Anxiety

What is it? 

Anxiety, along with depression, is recognised as one of the most prevalent mental health disorders. Essentially, anxiety is synonymous with concern or worry. Experiencing anxiety or concern can be beneficial when it serves as a defence mechanism against potential hazards in our surroundings and prevents us from engaging in risky behaviours, such as crossing the street without checking for oncoming traffic. 

However, anxiety or worry can get out of hand, and come to take over our lives, leading us to live in constant dread or fear. The process by which a useful survival trait like worry transforms itself into a debilitating condition causing significant distress and impairment is not entirely clear. 

At a thinking level our ’threat perception and evaluation’ system seems to go wrong, and we start to see threat at every turn, or our response to little threats becomes massively exaggerated.  

Symptoms 

  • Feeling nervous, restless, or tense 
  • Having a sense of impending danger, panic, or doom 
  • Having an increased heart rate 
  • Breathing rapidly (hyperventilation) 
  • Sweating 
  • Trembling 
  • Feeling weak or tired 
  • Trouble concentrating or thinking about anything other than the present worry 
  • Having trouble sleeping 
  • Experiencing gastrointestinal (GI) problems 
  • Having difficulty controlling worry 
  • Having the urge to avoid things that trigger anxiety 

Please note that these symptoms can vary among individuals and across different types of anxiety disorders.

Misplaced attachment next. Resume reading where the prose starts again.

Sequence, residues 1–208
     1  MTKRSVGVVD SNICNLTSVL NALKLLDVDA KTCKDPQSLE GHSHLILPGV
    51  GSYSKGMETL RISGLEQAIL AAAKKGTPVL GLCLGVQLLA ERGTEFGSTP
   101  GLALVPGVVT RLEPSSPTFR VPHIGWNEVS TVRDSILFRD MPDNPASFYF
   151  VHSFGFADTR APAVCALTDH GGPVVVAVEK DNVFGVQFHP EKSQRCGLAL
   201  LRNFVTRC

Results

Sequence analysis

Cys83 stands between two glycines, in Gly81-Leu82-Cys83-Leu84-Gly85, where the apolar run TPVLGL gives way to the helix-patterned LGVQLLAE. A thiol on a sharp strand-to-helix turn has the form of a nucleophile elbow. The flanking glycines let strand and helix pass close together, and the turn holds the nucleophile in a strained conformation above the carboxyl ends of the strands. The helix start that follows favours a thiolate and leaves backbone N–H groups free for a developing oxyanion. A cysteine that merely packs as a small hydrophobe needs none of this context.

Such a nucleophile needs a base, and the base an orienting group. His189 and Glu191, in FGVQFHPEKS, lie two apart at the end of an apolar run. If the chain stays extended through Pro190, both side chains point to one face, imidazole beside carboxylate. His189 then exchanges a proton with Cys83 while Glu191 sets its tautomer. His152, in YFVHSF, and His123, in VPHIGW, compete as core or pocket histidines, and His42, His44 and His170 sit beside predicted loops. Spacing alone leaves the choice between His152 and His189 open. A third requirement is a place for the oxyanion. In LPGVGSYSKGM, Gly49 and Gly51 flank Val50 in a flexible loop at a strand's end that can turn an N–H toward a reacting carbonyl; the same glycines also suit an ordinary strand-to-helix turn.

Causes 

The exact cause of anxiety is not fully known, but it’s believed to be a combination of several factors, such as high stress levels, certain medical conditions like depression or diabetes, genetic predisposition, environmental experiences such as child abuse, and substance use. These factors can interact in complex ways, and the causes can vary for different types of anxiety disorders.  

Interventions 

Although there are many forms of anxiety disorder, such as phobias (fear of specific things or situations), general and social anxiety, and related disorders such as obsessive-compulsive disorder, the interventions tend to be quite similar, focusing on both the body and the mind, combining talking and medicine, as well as neurostimulation and lifestyle/ environmental changes. Through teamwork and empowerment, anxiety can be ‘put back into its box’ and we can learn to resume control of our fears and turn our mind to self-discovery and our future.